Canine/Feline Cardiac Support: This is a nutritional supplement formulated with ingredients known as functional foods. These are foods that have been shown to benefit various organs and tissues in the body. Canine Cardiac Support is formulated to provide support for the myriad of tissues involved in cardiovascular health: myocardium, nerve and conduction, liver, kidneys, adrenal glands, vascular endothelium, inflammatory mediators, blood quality, and blood flow dynamics. These functional food ingredients enhance cardiac (and other tissue) ability to respond to metabolic demands while promoting the heart’s ability to rebuild and regenerate.
Canine Dermal Support: This is a nutritional supplement formulated with ingredients known as functional foods. These are foods that have been shown to benefit various organs and tissues in the body. The ingredients in Canine Dermal Support are a combination of plant and animal tissues, and provide nutritional support to key organs and glands like the liver, small intestine, adrenal glands and the immune system. Support of these and other tissues can be beneficial in the management of the itchy, allergic dog.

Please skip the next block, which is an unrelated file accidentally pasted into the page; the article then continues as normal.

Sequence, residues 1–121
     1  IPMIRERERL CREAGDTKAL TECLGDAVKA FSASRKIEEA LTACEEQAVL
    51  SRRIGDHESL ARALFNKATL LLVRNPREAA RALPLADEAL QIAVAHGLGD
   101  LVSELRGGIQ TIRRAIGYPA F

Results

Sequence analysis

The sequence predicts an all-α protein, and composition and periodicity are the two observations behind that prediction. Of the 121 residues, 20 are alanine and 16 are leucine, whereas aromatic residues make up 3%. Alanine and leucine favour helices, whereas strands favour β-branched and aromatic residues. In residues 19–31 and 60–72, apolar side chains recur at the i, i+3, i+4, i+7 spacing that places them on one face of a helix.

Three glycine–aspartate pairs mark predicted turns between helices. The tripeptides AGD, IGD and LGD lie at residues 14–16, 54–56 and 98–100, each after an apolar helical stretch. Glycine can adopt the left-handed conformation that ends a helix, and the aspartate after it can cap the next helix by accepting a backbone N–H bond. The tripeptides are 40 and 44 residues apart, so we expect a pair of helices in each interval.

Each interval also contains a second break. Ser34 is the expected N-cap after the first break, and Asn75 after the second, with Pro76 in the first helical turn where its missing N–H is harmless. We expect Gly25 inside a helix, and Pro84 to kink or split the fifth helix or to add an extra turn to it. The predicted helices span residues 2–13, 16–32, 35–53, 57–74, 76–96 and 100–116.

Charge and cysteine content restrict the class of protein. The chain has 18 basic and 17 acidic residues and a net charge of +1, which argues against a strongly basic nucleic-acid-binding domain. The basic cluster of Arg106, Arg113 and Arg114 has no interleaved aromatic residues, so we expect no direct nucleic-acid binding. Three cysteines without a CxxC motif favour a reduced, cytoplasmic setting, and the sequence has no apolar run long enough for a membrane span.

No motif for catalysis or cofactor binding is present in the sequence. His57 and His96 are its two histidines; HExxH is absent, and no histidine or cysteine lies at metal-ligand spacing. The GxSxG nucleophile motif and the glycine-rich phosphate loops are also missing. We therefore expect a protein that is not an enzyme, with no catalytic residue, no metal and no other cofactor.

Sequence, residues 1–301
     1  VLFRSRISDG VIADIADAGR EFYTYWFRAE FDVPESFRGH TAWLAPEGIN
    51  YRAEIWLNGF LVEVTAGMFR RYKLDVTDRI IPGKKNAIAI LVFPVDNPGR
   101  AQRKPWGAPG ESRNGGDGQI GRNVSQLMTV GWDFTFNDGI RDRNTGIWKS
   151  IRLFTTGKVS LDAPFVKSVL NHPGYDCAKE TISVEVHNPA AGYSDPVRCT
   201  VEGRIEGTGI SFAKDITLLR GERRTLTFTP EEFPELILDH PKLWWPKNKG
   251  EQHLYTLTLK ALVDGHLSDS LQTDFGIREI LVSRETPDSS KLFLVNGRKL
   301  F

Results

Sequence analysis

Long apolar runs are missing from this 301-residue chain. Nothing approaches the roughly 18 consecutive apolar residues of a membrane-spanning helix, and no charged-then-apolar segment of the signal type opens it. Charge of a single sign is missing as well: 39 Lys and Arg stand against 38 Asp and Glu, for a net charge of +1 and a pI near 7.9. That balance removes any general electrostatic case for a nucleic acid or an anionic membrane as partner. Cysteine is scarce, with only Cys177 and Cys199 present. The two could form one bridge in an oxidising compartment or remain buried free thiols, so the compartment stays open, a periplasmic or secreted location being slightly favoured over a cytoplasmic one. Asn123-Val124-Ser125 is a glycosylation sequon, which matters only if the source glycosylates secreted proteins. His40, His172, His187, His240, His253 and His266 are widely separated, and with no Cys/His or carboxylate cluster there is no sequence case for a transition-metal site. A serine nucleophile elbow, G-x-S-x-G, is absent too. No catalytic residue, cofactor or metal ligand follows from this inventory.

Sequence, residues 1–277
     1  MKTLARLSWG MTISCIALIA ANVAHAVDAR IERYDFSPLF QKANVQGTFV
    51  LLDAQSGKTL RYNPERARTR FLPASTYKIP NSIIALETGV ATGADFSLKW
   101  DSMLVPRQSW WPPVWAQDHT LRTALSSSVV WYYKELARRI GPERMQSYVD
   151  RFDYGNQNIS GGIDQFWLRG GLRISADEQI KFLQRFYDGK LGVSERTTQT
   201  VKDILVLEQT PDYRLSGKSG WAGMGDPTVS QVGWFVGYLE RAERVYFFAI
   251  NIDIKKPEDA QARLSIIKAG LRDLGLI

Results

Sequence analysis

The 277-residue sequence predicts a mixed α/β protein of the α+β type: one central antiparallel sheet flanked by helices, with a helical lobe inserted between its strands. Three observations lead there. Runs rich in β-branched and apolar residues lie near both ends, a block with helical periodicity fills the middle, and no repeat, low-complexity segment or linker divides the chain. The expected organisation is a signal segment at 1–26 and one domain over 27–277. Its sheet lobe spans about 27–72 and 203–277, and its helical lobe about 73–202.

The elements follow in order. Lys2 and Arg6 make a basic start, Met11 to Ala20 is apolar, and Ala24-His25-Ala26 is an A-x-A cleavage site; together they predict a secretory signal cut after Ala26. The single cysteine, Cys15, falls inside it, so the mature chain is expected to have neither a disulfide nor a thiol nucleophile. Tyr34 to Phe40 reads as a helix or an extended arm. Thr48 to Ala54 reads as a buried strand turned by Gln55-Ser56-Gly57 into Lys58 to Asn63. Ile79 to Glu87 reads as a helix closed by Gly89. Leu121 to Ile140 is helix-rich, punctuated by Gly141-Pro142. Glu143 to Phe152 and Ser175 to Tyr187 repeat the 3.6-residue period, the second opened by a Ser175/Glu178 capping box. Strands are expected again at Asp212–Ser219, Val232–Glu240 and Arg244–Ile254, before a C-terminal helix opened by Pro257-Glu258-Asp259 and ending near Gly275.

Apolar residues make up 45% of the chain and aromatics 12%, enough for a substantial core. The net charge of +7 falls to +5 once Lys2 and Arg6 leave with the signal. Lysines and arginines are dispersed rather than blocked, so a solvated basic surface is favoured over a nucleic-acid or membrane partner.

Canine/Feline Enteric Support: This is a blend of ingredients that provide support for a wide range of intestinal situations. These ingredients are known as functional foods, and include a broad grouping of tissue concentrates, whole vitamin complexes, and botanical components. In addition to support for enteric disorders this product can be used in conjunction with many common drug protocols. Proper intestinal function is essential for optimum health. Intestinal function has a direct and indirect impact on multiple body systems. Canine/Feline Enteric Support is formulated to help normalize intestinal function, promote healing and repair of digestive tissues, and to enhance the ability of the intestinal cells to function and to react to daily metabolic and immune challenges.